And so when she couldn’t get out of bed, and she was constantly ill and eventually hospitalized for a long time, we knew her time was coming. We were warned to be mentally prepared. But when she left at a ripe 90 years old, I was shocked anyway. My heart dropped anyway. My tears ran anyway.

Despite that, despite all her suffering, she tried to impart words of wisdom whenever she was alert enough to. She told me that I have to be careful when selecting a partner. She told me to be good to my parents. She told me to work hard. And she seemed like she knew she was leaving, and had come to terms with it.

I think somewhere along the way while I was grappling with her passing, I was recommended to read Tuesdays with Morrie. I took four months to start. And it’s an amazing book.

While it wasn’t really about how to deal with the passing of a loved one, it makes one reflect on whether we’re living life the way we want to. It really strikes a chord.

Below is my favourite excerpt, from when Mitch was asking Morrie (who was diagnosed with ALS) about the idea of dying:

Did you think much about death before you got sick, I asked.

“No.” Morrie smiled. “I was like everyone else. I once told a friend of mine, in a moment of exuberance, ‘I’m gonna be the healthiest old man you ever met!’ ”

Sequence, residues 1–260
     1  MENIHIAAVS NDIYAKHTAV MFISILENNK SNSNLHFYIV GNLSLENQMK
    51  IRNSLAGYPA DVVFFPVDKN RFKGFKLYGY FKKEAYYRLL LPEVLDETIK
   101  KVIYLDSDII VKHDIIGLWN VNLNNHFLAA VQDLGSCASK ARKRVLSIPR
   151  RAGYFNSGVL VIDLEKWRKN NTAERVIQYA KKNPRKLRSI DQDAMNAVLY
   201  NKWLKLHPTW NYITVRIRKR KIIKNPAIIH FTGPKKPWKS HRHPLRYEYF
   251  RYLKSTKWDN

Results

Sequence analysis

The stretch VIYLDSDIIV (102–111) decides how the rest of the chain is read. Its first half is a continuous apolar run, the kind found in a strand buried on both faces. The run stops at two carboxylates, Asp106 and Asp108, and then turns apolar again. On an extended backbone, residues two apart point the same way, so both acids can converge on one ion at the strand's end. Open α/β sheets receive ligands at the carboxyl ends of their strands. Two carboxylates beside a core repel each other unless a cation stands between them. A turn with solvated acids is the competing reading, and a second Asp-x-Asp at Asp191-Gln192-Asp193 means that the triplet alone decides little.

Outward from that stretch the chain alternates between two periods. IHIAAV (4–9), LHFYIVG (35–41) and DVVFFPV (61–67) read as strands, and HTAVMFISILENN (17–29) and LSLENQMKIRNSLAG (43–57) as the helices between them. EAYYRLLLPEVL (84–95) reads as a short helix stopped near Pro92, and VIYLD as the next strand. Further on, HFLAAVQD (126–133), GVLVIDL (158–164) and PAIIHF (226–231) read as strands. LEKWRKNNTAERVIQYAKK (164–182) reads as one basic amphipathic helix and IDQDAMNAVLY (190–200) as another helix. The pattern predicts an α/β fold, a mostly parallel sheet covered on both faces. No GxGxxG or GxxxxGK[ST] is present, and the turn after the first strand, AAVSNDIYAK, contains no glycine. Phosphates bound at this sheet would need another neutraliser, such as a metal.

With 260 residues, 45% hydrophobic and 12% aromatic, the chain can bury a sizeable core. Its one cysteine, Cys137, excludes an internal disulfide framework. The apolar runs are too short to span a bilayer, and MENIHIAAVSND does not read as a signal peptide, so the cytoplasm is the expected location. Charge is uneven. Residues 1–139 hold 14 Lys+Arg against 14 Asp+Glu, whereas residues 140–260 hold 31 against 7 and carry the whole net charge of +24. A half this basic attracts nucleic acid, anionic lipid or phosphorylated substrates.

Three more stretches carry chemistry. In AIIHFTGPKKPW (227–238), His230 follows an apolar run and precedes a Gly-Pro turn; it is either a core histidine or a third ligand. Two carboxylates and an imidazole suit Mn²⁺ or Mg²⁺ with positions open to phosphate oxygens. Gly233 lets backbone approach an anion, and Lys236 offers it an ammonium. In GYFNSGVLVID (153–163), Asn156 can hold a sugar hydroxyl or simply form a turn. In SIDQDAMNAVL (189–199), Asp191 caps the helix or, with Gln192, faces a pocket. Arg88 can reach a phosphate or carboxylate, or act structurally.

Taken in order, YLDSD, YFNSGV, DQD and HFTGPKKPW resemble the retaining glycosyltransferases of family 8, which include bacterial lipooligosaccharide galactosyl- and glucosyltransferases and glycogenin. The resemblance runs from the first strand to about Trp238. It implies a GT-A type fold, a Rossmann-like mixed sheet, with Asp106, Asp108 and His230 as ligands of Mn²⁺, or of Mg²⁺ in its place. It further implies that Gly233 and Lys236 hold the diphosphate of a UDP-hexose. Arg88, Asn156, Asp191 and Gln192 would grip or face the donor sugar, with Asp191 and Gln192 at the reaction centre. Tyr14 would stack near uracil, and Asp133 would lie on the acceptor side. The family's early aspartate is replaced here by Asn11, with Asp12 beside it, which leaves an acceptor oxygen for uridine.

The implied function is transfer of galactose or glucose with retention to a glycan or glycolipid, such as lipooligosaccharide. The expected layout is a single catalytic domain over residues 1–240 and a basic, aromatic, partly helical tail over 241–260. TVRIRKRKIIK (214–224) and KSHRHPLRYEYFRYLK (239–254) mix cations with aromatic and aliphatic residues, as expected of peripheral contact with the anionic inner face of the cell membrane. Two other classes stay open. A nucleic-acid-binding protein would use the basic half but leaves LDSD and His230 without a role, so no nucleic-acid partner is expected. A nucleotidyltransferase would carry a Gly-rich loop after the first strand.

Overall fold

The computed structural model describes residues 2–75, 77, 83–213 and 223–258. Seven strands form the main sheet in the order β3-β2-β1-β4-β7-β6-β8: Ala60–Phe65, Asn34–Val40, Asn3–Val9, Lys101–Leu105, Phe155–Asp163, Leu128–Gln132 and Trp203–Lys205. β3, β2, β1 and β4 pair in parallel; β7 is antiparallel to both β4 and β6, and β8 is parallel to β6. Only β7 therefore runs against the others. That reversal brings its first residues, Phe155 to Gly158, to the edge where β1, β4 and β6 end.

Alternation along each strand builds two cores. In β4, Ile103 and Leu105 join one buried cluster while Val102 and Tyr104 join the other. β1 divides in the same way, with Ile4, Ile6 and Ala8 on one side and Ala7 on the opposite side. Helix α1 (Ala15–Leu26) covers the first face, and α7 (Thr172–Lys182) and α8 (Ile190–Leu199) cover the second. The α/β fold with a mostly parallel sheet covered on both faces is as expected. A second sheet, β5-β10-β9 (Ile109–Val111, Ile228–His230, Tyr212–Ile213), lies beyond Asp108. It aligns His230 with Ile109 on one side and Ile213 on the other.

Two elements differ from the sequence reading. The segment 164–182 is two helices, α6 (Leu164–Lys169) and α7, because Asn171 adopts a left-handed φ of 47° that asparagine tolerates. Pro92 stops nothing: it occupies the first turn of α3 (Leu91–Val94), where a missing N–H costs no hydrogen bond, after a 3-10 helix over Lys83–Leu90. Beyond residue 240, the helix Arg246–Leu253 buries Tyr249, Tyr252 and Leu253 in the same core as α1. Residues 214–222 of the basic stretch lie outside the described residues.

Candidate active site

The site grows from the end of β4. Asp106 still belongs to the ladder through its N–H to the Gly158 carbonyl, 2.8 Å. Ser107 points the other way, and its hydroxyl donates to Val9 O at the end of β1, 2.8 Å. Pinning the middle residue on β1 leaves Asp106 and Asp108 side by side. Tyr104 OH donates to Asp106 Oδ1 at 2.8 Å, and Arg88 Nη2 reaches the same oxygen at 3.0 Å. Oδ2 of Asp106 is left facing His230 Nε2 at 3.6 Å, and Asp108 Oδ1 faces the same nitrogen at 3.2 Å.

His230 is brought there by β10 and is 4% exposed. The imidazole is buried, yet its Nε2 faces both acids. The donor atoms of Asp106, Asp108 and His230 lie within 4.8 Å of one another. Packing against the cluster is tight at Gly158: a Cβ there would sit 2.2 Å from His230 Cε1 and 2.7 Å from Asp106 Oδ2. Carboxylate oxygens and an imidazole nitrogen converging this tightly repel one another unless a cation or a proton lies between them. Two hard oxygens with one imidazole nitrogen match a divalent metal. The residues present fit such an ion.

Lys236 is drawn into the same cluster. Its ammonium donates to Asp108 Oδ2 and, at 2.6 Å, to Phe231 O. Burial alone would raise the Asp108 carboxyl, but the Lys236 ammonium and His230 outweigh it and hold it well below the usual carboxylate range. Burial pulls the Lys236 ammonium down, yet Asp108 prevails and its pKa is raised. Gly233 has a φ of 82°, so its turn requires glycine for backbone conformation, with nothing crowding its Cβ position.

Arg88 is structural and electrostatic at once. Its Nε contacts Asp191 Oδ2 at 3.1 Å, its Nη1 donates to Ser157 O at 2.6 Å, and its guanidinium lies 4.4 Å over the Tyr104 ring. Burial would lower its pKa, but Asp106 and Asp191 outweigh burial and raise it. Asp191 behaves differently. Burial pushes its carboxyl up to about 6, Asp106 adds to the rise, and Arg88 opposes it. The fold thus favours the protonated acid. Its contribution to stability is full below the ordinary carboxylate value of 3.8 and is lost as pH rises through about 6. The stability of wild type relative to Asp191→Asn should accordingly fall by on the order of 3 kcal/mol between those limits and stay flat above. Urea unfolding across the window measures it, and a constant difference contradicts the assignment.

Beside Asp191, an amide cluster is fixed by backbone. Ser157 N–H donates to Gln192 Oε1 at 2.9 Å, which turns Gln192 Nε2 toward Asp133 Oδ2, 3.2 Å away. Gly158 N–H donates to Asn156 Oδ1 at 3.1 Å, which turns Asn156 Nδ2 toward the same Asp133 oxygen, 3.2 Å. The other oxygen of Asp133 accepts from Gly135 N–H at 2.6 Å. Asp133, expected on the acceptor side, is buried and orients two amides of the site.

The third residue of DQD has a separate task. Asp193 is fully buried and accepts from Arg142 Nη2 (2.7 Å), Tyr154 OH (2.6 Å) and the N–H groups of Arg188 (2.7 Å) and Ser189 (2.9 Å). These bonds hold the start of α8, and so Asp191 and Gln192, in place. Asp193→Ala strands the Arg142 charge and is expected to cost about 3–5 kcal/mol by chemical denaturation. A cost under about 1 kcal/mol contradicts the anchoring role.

How old were you?

“In my sixties.”

So you were optimistic.

“Why not? Like I said, no one really believes they’re going to die.”

But everyone knows someone who has died, I said. Why is it so hard to think about dying?

“Because,” Morrie continued, “most of us all walk around as if we’re sleepwalking. We really don’t experience the world fully, because we’re half-asleep, doing things we automatically think we have to do.”

And facing death changes all that?

“Oh, yes. You strip away all that stuff that and you focus on the essentials. When you realize you are going to die, you see everything much differently.

He sighed, “Learn how to die, and you learn how to live.”

the weekend read

Speaking with Acquaintances VS Loved Ones

In parallel with the previous post about being blessed – I noticed something at work today.

I’ve a colleague who was previously in a position where she had to liaise with customers all the time. She is absolutely brilliant on the phone. She has amazing phone etiquette and she speaks to cold callers, service providers, etc with extreme courtesy.

I adore her. I really admire her ability to make small talk, her ability to make others comfortable around her, her comfort with her job, in her own skin, her faith in running, how she juggles work and family, etc.

Her husband’s currently abroad, and I think they hit a slightly rough patch. So when he called the other day, she switched to a clearly irritable-sounding tone.

And then it hit me because I think we’re all guilty of it. How is it that we speak with acquaintances in a nicer manner than when with loved ones?